Murdoch Researcher Isolates MS Virus

Thursday, 26 October, 2000

After more than 30 years of research, Murdoch University Associate Professor Bob Cook has isolated a virus that could be the cause of multiple sclerosis (MS).

This finding has attracted commercial investment from Exodus Minerals, through its life sciences subsidiary InQbate, which could result in the creation of a diagnosistic tool for MS.

MS is a chronic disease affecting about 12,000 Australians and around two million people worldwide.

MS sufferers show similar signs to the physical effects of drunkenness including blurred vision, lack of coordination and slurred speech.

According to Professor Cook, more emphasis has been placed on the viral causes of the disease in recent years. Other researchers are looking at herpes-type viruses and retroviruses similar to AIDS, but results have been inconclusive. This current research, however, is slightly different. Scientists are examining recognised common features found in the damaged area of MS brains and have found that they are viral proteins rather than just myelin debris. This has led to the consistent isolation of a previously unknown virus from MS brain tissue.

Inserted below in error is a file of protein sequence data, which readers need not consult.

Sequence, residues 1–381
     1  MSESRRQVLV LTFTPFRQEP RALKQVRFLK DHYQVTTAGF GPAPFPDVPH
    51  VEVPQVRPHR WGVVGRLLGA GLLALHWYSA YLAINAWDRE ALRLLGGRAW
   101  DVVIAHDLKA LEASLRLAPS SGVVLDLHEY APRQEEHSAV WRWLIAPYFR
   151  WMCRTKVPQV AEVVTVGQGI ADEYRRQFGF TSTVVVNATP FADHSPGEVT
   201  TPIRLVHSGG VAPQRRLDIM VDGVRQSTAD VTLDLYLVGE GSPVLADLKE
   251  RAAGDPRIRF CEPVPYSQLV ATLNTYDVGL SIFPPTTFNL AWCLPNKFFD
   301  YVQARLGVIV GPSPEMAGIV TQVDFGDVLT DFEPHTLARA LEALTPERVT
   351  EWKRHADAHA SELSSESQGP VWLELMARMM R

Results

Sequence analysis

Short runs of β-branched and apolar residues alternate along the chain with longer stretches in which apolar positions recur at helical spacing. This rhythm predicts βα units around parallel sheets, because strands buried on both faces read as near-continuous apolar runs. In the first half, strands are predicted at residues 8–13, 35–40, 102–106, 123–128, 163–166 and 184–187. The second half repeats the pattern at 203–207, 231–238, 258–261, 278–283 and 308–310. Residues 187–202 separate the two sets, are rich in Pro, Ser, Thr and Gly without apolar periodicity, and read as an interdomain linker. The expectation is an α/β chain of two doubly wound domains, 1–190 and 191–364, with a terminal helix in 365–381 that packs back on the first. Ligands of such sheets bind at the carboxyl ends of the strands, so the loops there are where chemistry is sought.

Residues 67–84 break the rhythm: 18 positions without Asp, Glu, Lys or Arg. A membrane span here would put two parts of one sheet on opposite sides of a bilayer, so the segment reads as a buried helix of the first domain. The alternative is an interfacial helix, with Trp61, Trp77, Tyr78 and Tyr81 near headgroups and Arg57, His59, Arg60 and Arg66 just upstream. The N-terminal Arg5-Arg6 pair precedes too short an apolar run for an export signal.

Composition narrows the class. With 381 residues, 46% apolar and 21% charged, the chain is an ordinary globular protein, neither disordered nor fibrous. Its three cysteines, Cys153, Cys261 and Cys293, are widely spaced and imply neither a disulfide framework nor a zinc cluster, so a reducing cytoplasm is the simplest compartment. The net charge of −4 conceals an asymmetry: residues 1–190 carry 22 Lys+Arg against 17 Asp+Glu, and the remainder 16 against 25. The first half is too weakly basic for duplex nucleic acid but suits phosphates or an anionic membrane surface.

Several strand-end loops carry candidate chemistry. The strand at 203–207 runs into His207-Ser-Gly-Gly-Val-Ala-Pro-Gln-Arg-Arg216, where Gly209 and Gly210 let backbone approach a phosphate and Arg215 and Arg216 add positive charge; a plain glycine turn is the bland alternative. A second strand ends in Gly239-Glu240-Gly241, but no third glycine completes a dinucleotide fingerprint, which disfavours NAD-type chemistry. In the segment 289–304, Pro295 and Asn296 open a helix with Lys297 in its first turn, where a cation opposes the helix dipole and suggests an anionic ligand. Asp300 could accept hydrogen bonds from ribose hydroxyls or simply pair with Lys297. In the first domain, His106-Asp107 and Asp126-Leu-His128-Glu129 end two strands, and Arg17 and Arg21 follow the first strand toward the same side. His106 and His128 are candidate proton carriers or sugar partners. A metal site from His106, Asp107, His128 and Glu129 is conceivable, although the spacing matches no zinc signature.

It has taken some time to find ways to grow the virus rapidly, but it is now grown in nine to 10 days instead of seven weeks, thus facilitating research.

Though still early days, experiments indicate the virus is closely related to measles. Researchers need to complete the genetic sequence of the virus in order to use a small part as a substrate in a commercial test kit.

In the long term, researchers are hoping to develop a specific treatment for MS, and eventually, a vaccine.

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